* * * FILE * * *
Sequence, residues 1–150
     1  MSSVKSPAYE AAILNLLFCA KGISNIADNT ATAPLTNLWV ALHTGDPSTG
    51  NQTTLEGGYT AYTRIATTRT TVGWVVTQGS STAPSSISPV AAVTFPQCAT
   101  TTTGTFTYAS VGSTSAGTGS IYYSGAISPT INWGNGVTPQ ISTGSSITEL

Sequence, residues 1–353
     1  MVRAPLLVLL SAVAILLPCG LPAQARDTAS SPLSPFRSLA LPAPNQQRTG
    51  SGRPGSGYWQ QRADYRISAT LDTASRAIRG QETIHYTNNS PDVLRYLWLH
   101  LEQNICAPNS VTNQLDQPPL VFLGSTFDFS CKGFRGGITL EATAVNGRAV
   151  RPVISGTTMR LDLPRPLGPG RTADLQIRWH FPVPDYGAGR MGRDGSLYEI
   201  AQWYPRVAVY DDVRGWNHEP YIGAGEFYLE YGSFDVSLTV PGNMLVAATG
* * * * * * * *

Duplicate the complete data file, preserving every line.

Sequence, residues 1–150
     1  MSSVKSPAYE AAILNLLFCA KGISNIADNT ATAPLTNLWV ALHTGDPSTG
    51  NQTTLEGGYT AYTRIATTRT TVGWVVTQGS STAPSSISPV AAVTFPQCAT
   101  TTTGTFTYAS VGSTSAGTGS IYYSGAISPT INWGNGVTPQ ISTGSSITEL

Sequence, residues 1–353
     1  MVRAPLLVLL SAVAILLPCG LPAQARDTAS SPLSPFRSLA LPAPNQQRTG
    51  SGRPGSGYWQ QRADYRISAT LDTASRAIRG QETIHYTNNS PDVLRYLWLH
   101  LEQNICAPNS VTNQLDQPPL VFLGSTFDFS CKGFRGGITL EATAVNGRAV
   151  RPVISGTTMR LDLPRPLGPG RTADLQIRWH FPVPDYGAGR MGRDGSLYEI
   201  AQWYPRVAVY DDVRGWNHEP YIGAGEFYLE YGSFDVSLTV PGNMLVAATG